Life is for the Living

By Sue Mayfield-Geiger

Life is for the Living

When my 55-year-old husband died suddenly in 1993, I went through all the emotions of loss: sadness, guilt, anger, depression and, finally, acceptance. He was unemployed at the time, so money was tight. We had accumulated a considerable amount of debt, so our savings were depleted as well as the life insurance policies.

With one son in high school and the other one in college, I felt enormous weight on my shoulders and awoke each morning with the same lingering question: “What now?”

Born in the ’40s, I was from an era where wives depended on their husbands as primary breadwinners while we took care of the domestic part of life. I was working as a secretary at a law firm, but certainly not making the kind of money needed to pay a mortgage and college tuition, not to mention past due credit card bills.

I decided to just let each new day carry me through my sorrow, while friends and family offered enormous support. With decisions to make and uncertainty facing me, I wallowed in the quagmire of it all. Fortunately, our house sold before it went into foreclosure, so moving furniture and packing boxes offered the busyness and structure I was lacking.

A few months later, I heard a familiar song on the radio – “Already Gone” by the Eagles. I had never paid much attention to the lyrics, but one particular line stopped me cold: “So often times it happens that we live our lives in chains, and never even know we have the key.” I immediately ran out, bought the CD, came home and played that song – over and over – again and again. I repeated that one line in my head so much, I could see every word. “I have the key,” I thought. “I do have the key.”

Every time I sunk to low levels, I’d remember the key. I began to use it, little by little. Some chains are often more difficult to unlock than others, so I turned the key slowly, releasing the chains gradually until I was ready to face reality. Somehow I shook myself back into normalcy, got my affairs in order, became a stable role model for my sons, and moved forward. I went back to college and got an English degree. I began to find comfort in journaling, meditating and reading the classics. I had the key, and I was using it!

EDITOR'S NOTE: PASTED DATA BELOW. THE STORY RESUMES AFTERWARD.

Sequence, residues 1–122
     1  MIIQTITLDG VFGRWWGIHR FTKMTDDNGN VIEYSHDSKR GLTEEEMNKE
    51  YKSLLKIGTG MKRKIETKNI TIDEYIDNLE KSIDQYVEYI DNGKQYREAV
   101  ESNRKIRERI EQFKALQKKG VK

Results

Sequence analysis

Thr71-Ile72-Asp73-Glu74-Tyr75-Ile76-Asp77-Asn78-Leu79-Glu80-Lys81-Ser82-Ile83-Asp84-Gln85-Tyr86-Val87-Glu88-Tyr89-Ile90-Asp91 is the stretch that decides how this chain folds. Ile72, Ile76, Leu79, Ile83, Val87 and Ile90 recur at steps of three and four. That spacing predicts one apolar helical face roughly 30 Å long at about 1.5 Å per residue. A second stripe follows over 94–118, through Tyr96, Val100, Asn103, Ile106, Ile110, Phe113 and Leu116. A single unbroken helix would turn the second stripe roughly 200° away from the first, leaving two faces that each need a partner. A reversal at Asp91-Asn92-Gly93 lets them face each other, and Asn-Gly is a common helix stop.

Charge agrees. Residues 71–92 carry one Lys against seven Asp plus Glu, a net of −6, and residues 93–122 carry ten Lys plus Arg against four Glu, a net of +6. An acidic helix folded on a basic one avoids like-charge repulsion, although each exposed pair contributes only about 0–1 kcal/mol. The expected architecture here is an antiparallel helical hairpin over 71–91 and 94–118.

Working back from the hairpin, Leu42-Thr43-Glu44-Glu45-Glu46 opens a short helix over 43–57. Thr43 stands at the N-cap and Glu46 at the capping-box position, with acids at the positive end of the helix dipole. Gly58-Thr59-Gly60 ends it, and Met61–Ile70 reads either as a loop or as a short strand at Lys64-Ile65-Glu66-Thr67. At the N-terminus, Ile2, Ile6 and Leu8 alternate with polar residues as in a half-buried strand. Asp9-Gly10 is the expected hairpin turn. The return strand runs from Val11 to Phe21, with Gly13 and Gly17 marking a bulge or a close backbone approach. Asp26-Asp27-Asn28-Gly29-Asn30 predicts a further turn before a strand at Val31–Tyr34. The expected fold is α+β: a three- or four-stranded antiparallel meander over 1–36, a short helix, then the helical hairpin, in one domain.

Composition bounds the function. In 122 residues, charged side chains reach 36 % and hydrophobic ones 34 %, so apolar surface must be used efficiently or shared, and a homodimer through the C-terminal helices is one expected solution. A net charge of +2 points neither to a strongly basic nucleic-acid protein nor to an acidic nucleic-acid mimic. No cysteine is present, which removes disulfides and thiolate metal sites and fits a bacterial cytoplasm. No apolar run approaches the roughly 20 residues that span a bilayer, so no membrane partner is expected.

The months turned into years, my sons became adults, and I had come into my own. I was out of debt, fulfilling my long-standing dream of living by the water, and writing.

I often think back to those times of despair, the darkness and seeking answers. And when I do, I always remember a wise, older woman who attended my husband’s funeral back in 1993, whom I barely knew. She was quite small, not a smidgeon over five feet tall, with smiling eyes and blue-gray hair. She approached me with warmth and compassion, took both of my hands in hers, looked up at me and said, “My dear, life is for the living; you must live now.” Her face was almost luminous as she squeezed my hands and walked away.

I remember thinking at the time how odd that she would say something like that during my time of mourning. But I never forgot her and certainly never forgot what she said.

Today, it all makes sense. Life is for the living, and we must always remember that. People, places and events will come and go, we will have ups and downs, and we will suffer extreme loss, but we will also experience exhilarating joy and fulfillment. So, as long as we are here on Earth – well and alive – we must embrace life. Because it is indeed for the living – and I’ve truly learned how to live.

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